Updated: Jan 30, 2020
Relationship quality is one of the most powerful predictors of life satisfaction and physical and psychological well-being. Our relationships are built on mutual understanding and respect. Although not the only factor in relationship success, communication problems are typically one of the main root causes of problems. The purpose of communication is to help us understand each other, yet we all commonly do things that block communication.
Why Should I Change?
We want to be understood by others and so does everyone else! However, our defense mechanisms get in the way whenever we feel vulnerable, including feeling afraid, hurt, disrespected, frustrated, helpless, or hopeless. Although useful in protecting our sense of self and our feelings of self-worth, these defenses prevent us from openly and respectfully expressing our feelings and listening deeply to the other person’s feelings. This leads to communication breakdown followed by resentment, break-ups, and divorce.
Communication That Doesn’t Work
So, how do we typically block communication with others and thus prevent mutual understanding and respect? Dr. David Burns (1999) identified a list of harmful things we all do to some degree in trying to communicate to resolve or avoid conflict in a relationship:
Truth: You insist you are completely right and they are completely wrong – in reality, you may be both partially right!
Blaming: You imply the problem is the other person’s fault, but what part of the problem are you?
Martyrdom: You imply you are an innocent victim in the situation and claim to be persecuted by the other person.
Put-downs: You call the other person names or otherwise insult them to cause hurt.
Demanding: You complain when the other person doesn’t act like they “should” or how you expect them to act.
Denial: You insist you are not angry, sad, or hurt when you really are, creating resentment in you and ‘ammunition’ to use on the other person later.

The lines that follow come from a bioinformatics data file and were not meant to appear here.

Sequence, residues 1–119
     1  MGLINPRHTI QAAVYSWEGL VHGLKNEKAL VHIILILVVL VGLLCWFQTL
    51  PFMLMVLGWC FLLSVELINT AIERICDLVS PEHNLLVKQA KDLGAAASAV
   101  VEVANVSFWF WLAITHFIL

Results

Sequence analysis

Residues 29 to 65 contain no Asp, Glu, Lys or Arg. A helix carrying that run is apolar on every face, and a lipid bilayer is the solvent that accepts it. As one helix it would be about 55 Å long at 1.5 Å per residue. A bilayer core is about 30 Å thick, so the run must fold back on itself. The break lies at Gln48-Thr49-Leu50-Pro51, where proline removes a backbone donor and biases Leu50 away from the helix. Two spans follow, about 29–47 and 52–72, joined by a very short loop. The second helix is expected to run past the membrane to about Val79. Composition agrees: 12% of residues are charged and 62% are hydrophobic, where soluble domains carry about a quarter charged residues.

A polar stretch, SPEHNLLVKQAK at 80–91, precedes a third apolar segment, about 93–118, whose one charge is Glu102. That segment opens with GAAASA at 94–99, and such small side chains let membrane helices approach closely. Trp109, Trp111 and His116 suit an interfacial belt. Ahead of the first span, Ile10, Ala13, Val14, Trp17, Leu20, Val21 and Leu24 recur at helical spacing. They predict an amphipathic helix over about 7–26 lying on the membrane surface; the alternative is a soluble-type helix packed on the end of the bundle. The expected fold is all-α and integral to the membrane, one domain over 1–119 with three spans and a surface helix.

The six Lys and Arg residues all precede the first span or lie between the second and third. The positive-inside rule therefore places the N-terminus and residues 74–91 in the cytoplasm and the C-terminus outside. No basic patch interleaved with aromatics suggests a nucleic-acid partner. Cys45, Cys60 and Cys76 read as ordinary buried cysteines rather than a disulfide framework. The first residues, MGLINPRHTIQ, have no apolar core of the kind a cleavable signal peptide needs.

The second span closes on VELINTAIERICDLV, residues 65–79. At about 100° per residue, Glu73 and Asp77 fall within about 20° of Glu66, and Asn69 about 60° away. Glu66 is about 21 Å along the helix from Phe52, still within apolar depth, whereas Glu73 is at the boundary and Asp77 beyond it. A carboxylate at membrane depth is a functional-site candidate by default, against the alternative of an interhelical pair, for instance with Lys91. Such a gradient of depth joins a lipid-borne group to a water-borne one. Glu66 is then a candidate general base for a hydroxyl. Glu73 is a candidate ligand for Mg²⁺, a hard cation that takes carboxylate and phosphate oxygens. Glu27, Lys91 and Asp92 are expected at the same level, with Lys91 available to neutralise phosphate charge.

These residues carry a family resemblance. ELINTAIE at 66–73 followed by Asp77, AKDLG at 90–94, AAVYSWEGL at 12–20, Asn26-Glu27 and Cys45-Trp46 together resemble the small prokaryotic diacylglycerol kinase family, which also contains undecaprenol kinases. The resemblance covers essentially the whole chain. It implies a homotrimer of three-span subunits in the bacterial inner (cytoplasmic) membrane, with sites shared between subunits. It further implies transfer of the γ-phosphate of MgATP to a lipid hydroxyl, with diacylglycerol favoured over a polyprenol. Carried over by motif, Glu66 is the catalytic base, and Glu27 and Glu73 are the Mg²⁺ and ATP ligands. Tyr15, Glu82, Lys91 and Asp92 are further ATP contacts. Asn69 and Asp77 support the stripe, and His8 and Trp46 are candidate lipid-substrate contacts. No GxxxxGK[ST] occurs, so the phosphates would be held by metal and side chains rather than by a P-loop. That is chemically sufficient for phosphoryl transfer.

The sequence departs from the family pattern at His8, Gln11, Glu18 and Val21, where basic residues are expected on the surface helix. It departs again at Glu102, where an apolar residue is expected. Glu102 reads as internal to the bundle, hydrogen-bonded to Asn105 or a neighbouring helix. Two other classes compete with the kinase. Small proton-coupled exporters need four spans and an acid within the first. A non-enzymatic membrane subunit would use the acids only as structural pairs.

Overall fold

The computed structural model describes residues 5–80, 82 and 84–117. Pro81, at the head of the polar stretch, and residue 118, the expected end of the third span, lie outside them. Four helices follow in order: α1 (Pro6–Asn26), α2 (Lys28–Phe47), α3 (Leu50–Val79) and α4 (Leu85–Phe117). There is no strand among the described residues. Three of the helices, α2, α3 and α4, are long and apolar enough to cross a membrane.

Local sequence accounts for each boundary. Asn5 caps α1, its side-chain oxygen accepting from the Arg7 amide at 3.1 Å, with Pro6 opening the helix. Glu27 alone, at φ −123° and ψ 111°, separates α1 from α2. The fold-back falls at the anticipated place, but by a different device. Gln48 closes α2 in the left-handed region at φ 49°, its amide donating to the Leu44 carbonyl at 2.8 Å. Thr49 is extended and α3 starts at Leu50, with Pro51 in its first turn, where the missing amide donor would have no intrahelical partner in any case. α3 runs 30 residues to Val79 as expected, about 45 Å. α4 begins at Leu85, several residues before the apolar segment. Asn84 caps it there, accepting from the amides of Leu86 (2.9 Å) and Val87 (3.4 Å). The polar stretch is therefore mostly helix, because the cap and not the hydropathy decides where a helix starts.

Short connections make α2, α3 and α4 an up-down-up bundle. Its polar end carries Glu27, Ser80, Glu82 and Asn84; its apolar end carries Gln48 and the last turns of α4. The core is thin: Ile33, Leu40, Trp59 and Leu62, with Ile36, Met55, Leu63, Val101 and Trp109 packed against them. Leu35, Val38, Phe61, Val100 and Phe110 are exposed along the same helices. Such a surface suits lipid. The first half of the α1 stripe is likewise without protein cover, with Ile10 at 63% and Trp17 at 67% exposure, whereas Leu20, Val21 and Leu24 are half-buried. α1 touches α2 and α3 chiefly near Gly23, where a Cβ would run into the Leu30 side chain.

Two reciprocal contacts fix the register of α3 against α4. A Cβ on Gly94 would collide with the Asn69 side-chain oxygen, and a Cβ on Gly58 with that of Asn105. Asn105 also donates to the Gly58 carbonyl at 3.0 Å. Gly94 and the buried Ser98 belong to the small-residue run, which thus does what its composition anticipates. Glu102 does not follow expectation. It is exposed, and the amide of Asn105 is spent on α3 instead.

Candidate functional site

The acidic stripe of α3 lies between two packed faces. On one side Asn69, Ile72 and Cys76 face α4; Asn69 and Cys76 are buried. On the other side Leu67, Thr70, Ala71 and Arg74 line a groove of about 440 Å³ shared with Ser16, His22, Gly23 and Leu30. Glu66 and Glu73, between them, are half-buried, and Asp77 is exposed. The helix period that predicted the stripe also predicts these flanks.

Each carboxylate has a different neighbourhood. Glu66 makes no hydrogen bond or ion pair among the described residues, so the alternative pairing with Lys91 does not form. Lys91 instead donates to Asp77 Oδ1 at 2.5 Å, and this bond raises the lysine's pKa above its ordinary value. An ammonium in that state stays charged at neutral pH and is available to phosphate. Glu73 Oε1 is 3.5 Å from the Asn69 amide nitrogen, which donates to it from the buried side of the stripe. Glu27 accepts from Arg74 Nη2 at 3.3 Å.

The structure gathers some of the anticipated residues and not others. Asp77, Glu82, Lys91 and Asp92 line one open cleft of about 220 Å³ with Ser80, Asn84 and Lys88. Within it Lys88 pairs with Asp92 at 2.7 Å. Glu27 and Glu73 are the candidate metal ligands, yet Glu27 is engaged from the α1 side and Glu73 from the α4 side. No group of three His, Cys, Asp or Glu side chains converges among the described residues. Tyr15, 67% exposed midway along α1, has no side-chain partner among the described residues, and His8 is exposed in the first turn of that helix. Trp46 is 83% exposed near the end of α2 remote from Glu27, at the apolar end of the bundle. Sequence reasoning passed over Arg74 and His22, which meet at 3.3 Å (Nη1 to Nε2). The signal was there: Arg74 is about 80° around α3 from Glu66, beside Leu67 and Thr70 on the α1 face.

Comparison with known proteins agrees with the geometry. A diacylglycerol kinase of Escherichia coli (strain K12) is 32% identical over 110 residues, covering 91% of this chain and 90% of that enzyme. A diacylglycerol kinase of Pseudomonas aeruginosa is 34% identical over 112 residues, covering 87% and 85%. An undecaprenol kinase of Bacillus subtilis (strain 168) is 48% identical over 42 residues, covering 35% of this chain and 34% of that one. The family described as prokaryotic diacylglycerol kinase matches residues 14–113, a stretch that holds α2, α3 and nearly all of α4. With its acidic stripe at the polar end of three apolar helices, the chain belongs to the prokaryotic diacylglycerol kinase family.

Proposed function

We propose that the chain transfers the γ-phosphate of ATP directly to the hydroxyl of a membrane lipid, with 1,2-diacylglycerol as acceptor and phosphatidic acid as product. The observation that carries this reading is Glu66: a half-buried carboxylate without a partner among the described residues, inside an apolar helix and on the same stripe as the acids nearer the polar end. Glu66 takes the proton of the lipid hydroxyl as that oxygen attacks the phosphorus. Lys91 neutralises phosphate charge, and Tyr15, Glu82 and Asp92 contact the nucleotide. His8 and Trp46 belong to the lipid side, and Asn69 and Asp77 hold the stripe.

Passive aggression: You pout, slam doors, or refuse to discuss issues (silent treatment) as a way to punish the other person.
Self-blame: Instead of dealing with a problem, you act as if you are a shameful person.
Hopelessness: You insist you’ve tried everything and decide to give up trying to communicate.
Helping: Instead of listening, you give advice or “help,” putting yourself in a position of superiority or implying the other person can’t solve their own problems.
Problem-solving: You try to solve the problem but ignore your feelings and those of the other person.
Sarcasm: Your words or tone of voice is patronizing or otherwise conveys tension or hostility which you are not openly acknowledging.
Scapegoating: You suggest that the other person is defective and the source of all problems in your relationship.
Defensiveness: You refuse to admit wrongdoing or imperfection.
Counterattack: You respond to criticism against you with criticism of the other person instead of reflecting on whether there is some truth in what they say.
Diversion: Instead of dealing with feelings in the “here and now,” you list grievances about past emotional wounds to justify your behavior.
Mind-reading: You say you’re entitled to better treatment and expect the other person to know what you need, but you don’t ask for it in a clear direct way.
Communication That Works
Dr. David Burns (2008) suggested that three characteristics define effective communication: empathy, assertiveness, and respect. With empathy, your goal is to understand what the other person is feeling and thinking; in other words, don’t listen to respond, listen to understand. If you are listening to respond, you are preoccupied with analyzing, judging, and possibly personalizing what the other person is saying. Listening to understand requires you to try to listen as obj